FEC says Chaffetz may have broken the law in money transfer; Chaffetz’s lawyer says it was a paperwork error

Steve Griffin / The Salt Lake Tribune Rep. Jason Chaffetz talks with news media during Republican Party Election Night Victory Party at Rice-Eccles Stadium on the campus of the University of Utah in Salt Lake City Tuesday, Nov. 8, 2016.

Washington • Former Rep. Jason Chaffetz was attempting to close out his congressional campaign account when he decided to transfer the remaining $267,000 to a political action committee he runs.

The problem: He can’t do that — at least not the way he did.

The Federal Election Commission has warned the Chaffetz-run Beehive PAC in a letter that federal law limits money transfers between a campaign account and a leadership PAC to $5,000 in a calendar year, and the FEC wants an answer about why the money was moved.

This letter is a polite way of the FEC saying that Jason Chaffetz has very much violated the law,” says Brendan Fischer, director of federal reform at the Campaign Legal Center.

But a lawyer working for Chaffetz says the matter was a “mere paperwork error.”

Basically what happened here is the treasurer forgot to check a box on one of the forms,” says Matt Sanderson, a federal election law attorney in Washington.

Sanderson says that when an officeholder is no longer running for office, federal law allows that committee to convert over to what is called a nonconnected committee and then funds can be transferred without limit. The treasurer will correct the form and resubmit to the FEC, Sanderson says.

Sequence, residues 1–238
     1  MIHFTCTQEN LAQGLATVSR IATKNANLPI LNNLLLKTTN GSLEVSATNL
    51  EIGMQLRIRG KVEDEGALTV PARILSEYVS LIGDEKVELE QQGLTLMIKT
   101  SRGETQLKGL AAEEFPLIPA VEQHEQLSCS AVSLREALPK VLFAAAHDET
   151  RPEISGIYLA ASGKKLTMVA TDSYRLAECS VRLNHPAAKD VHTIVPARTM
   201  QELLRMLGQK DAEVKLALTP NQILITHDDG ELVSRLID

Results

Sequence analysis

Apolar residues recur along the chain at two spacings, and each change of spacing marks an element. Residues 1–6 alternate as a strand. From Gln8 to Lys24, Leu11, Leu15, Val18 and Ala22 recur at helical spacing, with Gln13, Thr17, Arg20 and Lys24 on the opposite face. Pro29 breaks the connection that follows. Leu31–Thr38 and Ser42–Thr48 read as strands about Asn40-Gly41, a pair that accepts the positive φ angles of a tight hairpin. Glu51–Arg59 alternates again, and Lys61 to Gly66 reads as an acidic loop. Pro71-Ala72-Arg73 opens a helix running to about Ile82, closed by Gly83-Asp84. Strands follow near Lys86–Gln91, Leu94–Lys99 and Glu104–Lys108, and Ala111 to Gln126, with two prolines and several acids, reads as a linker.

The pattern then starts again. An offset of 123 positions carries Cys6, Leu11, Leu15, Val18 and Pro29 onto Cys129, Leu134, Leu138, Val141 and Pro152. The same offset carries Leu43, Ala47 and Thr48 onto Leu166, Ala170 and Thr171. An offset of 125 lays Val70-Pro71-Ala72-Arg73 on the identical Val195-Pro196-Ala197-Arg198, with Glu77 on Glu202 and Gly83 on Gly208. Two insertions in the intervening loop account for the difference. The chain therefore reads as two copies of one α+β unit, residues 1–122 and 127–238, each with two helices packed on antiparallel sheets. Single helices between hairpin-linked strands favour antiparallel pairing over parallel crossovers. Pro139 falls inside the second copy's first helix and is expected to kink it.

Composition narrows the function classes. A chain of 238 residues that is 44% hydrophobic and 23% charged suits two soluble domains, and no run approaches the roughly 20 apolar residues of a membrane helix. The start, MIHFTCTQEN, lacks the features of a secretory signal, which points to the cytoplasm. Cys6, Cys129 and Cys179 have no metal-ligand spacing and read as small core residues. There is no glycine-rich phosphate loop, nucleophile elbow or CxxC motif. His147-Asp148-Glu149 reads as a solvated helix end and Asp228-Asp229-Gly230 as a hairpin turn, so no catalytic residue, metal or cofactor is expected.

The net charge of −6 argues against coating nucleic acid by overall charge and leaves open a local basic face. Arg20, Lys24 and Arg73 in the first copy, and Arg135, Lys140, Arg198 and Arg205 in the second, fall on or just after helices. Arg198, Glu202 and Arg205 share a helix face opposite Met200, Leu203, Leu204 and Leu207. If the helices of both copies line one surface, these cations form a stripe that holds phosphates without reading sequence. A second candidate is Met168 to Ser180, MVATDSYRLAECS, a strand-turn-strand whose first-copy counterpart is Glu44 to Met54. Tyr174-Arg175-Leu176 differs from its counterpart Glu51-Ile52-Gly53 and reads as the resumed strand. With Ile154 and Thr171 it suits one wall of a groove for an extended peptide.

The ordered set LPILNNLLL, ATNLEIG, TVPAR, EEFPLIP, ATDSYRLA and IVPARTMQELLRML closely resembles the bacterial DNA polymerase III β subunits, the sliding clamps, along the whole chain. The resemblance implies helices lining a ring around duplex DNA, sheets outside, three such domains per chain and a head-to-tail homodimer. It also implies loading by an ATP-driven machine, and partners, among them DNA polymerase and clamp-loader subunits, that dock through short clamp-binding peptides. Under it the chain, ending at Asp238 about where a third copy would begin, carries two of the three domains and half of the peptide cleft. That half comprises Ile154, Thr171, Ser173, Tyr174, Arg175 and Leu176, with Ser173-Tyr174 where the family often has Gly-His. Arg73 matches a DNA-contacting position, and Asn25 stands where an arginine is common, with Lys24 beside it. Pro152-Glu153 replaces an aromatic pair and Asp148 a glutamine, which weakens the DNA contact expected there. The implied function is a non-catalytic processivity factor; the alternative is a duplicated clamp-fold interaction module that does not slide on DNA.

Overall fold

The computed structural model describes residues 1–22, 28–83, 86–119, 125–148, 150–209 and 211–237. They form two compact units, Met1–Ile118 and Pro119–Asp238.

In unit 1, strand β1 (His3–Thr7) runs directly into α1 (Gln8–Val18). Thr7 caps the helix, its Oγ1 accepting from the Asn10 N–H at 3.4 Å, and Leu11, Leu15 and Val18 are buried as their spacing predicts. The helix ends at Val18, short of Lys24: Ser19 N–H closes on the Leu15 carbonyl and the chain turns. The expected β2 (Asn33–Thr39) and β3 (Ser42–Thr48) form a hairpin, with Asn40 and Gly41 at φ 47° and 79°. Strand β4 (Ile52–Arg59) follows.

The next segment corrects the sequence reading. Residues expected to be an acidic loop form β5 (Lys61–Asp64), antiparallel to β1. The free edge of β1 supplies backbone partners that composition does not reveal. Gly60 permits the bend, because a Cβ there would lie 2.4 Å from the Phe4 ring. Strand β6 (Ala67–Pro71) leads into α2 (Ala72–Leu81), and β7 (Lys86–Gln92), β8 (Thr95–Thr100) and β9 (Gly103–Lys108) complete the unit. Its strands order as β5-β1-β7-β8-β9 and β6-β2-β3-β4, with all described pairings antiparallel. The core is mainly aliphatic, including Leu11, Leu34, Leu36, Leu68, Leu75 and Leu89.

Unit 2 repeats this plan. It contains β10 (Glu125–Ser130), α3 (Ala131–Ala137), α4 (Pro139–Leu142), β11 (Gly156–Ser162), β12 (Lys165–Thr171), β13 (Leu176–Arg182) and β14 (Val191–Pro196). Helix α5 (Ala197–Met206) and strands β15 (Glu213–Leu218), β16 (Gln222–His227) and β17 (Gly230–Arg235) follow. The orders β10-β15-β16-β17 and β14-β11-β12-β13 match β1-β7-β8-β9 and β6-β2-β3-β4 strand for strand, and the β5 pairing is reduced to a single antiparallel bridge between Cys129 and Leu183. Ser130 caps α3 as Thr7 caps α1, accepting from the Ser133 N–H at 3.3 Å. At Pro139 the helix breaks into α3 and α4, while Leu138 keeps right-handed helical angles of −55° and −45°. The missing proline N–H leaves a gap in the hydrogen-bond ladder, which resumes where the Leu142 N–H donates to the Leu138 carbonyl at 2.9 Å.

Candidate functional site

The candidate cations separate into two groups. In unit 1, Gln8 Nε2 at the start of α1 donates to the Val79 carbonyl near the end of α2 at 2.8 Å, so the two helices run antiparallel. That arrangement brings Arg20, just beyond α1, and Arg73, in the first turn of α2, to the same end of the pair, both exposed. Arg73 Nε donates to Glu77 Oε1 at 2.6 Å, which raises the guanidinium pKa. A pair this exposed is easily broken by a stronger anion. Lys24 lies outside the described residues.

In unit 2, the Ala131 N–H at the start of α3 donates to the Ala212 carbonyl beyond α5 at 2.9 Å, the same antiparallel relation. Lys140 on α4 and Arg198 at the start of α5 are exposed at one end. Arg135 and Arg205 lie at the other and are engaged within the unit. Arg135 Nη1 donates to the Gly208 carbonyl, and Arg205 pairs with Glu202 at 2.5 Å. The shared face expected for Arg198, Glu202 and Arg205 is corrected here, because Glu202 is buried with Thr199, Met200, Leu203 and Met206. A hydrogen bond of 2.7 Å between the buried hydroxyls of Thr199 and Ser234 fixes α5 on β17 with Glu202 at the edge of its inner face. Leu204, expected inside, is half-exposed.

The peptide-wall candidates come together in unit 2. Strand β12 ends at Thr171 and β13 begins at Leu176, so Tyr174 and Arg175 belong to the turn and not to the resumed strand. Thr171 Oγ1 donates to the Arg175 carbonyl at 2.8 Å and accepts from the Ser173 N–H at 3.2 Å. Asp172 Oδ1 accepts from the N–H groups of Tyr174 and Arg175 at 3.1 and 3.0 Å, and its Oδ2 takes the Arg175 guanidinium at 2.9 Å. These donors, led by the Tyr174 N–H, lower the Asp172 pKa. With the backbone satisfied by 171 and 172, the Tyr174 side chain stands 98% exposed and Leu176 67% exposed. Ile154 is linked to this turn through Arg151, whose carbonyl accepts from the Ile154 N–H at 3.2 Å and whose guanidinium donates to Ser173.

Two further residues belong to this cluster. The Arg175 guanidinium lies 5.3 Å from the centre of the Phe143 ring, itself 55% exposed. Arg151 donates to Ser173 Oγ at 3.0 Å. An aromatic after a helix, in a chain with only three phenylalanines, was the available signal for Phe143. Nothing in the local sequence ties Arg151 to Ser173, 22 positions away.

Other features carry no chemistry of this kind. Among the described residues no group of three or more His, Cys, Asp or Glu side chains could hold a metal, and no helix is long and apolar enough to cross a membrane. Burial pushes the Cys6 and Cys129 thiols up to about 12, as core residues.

Chaffetz, who left Congress last year to take a gig as a Fox News contributor, likely won’t face any penalties if he makes the proper paperwork changes.

Although the Commission may take further legal action regarding the acceptance of an excessive contribution(s), prompt action by your committee to seek reattribution, transfer-out or refund the excessive amount will be taken into consideration,” an FEC analyst wrote to the Beehive PAC last week.

Federal law governs the use of Chaffetz’s leftover campaign funds. He can use the money to donate to federal, state or local candidates, to charity, or, if he decides to run for a state office, he can pour that money into that campaign. Chaffetz hasn’t ruled out running for Utah governor in 2020.

Fischer says it seems clear there was some mix-up because the campaign and the PAC both noted the money in filings with the FEC.

I have to assume this is an honest mistake,” Fischer says. “The transfer was reported, there was no effort to disguise it.”